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Today's Stichomancy for Mao Zedong

The first excerpt represents the element of Air. It speaks of mental influences and the process of thought, and is drawn from The Gentle Grafter by O. Henry:

After the colonel had finished this, he asked permission to take on a postscript about how he was being treated, so the railroad wouldn't feel uneasy in its bosom about him. We agreed to that. He wrote down that he had just had lunch with the two desperate ruffians; and then he set down the whole bill of fare, from cocktails to coffee. He wound up with the remark that dinner would be ready about six, and would probably be a more licentious and intemperate affair than lunch.

Me and Caligula read it, and decided to let it go; for we, being cooks, were amenable to praise, though it sounded out of place on a sight draft for ten thousand dollars.

I took the letter over to the Mountain Valley road and watched for a

The second excerpt represents the element of Fire. It speaks of emotional influences and base passions, and is drawn from Grimm's Fairy Tales by Brothers Grimm:

Then he showed them the mark, and they knew that what he had said was true.

He next told them how he was king of the Golden Mountain, and was married to a princess, and had a son seven years old. But the merchant said, 'that can never be true; he must be a fine king truly who travels about in a shepherd's frock!' At this the son was vexed; and forgetting his word, turned his ring, and wished for his queen and son. In an instant they stood before him; but the queen wept, and said he had broken his word, and bad luck would follow. He did all he could to soothe her, and she at last seemed to be appeased; but she was not so in truth, and was only thinking how she should punish him.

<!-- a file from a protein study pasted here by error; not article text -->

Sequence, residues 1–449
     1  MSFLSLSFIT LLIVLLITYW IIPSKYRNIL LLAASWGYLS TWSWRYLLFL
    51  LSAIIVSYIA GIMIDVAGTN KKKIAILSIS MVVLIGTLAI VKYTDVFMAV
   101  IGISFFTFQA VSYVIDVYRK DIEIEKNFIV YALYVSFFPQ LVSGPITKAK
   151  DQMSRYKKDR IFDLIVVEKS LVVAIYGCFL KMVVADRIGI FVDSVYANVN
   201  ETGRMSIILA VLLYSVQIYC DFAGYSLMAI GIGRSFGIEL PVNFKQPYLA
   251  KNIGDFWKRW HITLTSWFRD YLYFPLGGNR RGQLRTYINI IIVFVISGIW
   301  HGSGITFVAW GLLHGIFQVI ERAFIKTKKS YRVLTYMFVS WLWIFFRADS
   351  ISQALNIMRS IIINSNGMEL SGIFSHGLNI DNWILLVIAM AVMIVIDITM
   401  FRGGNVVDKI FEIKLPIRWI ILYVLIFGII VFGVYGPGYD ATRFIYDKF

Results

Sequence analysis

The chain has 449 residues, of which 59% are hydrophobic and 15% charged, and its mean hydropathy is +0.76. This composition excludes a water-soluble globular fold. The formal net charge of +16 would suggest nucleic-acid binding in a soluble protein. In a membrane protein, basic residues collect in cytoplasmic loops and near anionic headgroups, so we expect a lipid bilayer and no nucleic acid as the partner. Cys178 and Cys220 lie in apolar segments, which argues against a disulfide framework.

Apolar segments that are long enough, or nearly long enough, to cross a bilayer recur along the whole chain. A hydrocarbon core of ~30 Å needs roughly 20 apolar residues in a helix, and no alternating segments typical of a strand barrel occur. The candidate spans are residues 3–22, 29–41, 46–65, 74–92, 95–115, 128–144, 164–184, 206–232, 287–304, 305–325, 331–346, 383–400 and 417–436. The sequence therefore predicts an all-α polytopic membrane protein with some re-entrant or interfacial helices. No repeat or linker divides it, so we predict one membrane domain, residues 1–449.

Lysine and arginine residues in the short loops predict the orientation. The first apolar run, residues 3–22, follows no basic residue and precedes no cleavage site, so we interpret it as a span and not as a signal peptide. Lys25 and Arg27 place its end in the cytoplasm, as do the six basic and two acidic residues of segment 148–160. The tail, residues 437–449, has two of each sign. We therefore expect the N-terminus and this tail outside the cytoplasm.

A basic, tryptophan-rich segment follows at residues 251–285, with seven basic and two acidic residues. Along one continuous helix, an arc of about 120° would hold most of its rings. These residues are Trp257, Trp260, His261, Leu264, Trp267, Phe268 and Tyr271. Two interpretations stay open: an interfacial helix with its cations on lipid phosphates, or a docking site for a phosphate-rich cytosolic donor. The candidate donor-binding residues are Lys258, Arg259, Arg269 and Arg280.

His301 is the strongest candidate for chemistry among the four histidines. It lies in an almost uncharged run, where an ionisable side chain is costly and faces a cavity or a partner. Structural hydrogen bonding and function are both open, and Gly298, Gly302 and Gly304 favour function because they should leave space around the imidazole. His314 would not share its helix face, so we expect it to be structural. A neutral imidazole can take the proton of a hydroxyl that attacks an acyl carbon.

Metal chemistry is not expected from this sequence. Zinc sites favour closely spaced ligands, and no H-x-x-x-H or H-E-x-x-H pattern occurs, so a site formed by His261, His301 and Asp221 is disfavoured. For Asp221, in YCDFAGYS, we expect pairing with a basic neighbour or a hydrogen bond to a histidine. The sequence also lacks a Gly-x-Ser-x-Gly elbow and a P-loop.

Grimm's Fairy Tales
The third excerpt represents the element of Water. It speaks of pure spiritual influences and feelings of love, and is drawn from This Side of Paradise by F. Scott Fitzgerald:

immensely amused and would have him recite poetry by the hour, while he lay with closed eyes on Amory's sofa and listened:

"Asleep or waking is it? for her neck Kissed over close, wears yet a purple speck Wherein the pained blood falters and goes out; Soft and stung softlyfairer for a fleck..."

"That's good," Kerry would say softly. "It pleases the elder Holiday. That's a great poet, I guess." Tom, delighted at an audience, would ramble through the "Poems and Ballades" until Kerry and Amory knew them almost as well as he. Amory took to writing poetry on spring afternoons, in the gardens

This Side of Paradise
The fourth excerpt represents the element of Earth. It speaks of physical influences and the impact of the unseen on the visible world, and is drawn from The Wrong Box by Stevenson & Osbourne:

himself to be shot in a trapeze as high as St Paul's, and as low as Baker Street Station.

'Let us recapitulate,' said Michael, 'unless it's really a dream, in which case I wish Teena would call me for breakfast. My friend Pitman, here, received a barrel which, it now appears, was meant for you. The barrel contained the body of a man. How or why you killed him...'

'I never laid a hand on him,' protested Morris. 'This is what I have dreaded all along. But think, Michael! I'm not that kind of man; with all my faults, I wouldn't touch a hair of anybody's head, and it was all dead loss to me. He got killed in that vile